Antibacterial Drug Development
This article was originally published in Start Up
For some start-ups, keeping pace with Big Pharma's shifting business priorities means following a path of less resistance. New companies are being formed around Big Pharma assets that no longer fit their priorities and market needs; others are fueled by novel discovery approaches based on elucidating and harnessing the power of natural genetic mechanisms.
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Despite the global increase in resistant bacterial infections, investment in development of new antibiotics and antimicrobials has declined over the past few years. Siena-based Molteni Therapeutics is taking a new look at antibacterials and antifungals, creating small-molecule photosensitizers activated by visible red light that destroy fungal and bacterial cells, in an approach known as antimicrobial photodynamic therapy.
Trius Therapeutics Inc. intends to create drugs that are capable of combating resistant bacteria and are meaningfully differentiated from currently marketed products. It says its lead candidate will be "a true second-generation" version of linezolid (Zyvox), as yet the sole marketed compound in the class of drugs known as oxazolidinones. Linezolid's proven ability to combat Gram-positive bacteria such as MRSA and Streptococcus has made it a blockbuster on track to generate $1 billion in revenues this year. If Trius can develop an antibiotic that is safer and more effective than Zyvox, and that also possesses additional attributes that improve on the original drug, that new compound could commandeer significant market share.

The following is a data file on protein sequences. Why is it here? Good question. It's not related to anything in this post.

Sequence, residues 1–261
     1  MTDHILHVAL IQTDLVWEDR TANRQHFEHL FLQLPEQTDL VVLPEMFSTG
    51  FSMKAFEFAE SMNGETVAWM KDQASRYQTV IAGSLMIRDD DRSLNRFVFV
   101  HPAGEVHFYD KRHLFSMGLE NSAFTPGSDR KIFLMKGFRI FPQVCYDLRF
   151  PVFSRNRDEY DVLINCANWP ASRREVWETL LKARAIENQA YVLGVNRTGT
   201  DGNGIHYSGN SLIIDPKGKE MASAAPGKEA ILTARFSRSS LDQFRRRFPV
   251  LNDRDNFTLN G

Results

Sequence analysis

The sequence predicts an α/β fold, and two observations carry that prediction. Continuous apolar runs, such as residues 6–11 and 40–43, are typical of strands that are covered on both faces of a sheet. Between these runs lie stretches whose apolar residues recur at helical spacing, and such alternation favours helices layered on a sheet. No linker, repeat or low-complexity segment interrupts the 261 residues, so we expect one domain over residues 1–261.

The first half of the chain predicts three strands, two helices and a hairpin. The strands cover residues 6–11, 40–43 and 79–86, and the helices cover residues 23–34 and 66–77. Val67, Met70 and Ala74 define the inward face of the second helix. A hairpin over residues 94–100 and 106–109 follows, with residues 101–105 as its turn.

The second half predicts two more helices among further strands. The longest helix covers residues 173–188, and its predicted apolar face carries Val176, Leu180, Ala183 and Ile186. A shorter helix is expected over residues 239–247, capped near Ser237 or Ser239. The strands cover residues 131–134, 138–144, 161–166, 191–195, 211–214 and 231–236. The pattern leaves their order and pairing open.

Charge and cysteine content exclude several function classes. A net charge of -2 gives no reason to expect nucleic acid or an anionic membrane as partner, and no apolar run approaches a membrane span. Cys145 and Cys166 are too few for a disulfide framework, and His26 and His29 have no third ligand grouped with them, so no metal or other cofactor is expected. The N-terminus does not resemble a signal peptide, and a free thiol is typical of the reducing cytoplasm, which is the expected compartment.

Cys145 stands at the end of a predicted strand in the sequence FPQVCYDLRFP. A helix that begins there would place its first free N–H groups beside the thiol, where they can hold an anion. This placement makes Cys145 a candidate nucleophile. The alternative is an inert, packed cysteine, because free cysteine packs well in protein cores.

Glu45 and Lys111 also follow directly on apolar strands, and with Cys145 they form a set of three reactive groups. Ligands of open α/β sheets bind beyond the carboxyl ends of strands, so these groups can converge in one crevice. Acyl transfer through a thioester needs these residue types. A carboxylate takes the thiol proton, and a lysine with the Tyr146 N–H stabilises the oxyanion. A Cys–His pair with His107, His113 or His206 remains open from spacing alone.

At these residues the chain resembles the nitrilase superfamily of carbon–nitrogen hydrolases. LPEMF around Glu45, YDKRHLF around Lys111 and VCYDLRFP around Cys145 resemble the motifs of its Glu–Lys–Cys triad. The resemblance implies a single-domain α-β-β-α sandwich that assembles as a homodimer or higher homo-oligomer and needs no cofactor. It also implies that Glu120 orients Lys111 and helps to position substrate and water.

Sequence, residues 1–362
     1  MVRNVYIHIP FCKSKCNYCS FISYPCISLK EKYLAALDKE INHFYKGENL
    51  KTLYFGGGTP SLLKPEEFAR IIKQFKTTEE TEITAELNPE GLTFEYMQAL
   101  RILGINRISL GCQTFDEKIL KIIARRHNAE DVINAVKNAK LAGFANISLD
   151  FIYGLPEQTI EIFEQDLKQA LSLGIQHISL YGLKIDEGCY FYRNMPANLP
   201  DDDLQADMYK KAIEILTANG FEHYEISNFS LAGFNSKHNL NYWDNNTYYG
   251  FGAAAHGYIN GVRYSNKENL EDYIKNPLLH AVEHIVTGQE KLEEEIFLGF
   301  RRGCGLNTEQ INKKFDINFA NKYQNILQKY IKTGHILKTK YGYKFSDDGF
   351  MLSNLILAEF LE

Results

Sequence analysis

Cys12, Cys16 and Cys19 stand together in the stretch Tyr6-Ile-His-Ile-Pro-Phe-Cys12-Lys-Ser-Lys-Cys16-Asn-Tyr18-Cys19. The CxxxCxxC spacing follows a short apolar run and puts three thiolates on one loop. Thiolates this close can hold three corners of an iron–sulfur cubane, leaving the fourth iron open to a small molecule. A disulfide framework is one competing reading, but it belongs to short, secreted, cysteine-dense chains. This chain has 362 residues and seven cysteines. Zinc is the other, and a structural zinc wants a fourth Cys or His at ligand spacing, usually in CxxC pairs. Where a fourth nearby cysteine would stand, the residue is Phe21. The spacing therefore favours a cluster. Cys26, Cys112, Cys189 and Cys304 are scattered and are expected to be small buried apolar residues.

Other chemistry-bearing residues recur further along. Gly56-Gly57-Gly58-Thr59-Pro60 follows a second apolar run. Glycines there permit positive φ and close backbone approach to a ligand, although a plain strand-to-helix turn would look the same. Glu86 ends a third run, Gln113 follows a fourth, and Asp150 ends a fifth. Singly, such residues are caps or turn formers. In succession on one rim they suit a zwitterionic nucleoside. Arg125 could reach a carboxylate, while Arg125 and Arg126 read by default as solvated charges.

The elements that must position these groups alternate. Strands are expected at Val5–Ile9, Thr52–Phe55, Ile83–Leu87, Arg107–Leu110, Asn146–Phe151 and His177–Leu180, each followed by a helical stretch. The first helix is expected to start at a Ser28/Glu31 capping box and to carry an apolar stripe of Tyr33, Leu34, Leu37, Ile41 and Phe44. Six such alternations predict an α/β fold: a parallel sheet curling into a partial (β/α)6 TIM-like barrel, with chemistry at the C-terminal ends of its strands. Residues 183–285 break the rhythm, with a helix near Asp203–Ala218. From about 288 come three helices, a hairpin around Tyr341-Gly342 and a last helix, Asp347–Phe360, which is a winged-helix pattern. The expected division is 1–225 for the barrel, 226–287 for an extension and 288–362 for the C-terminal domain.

Antibiotic R&D has always been one of the most challenging areas in biopharmaceutical drug development. Designing novel drugs that deter bacterial resistance is a technical hurdle to be sure, but it's also a commercial one: drugs doomed to rapid obsolescence don't promise a strong return on investment. There are regulatory uncertainties, too. Although FDA is now asking drug sponsors to compare the effectiveness of products against a placebo or marketed drug for some indications--for the most part, certain infections in the primary care setting--non-inferiority studies remain the norm for life-threatening infectious diseases. But the agency has yet to issue hard and fast rules on where to apply these studies and how to evaluate the use of non-inferiority margins. A recent meeting of FDA's Anti-Infective Drugs Advisory Committee provided some clarity.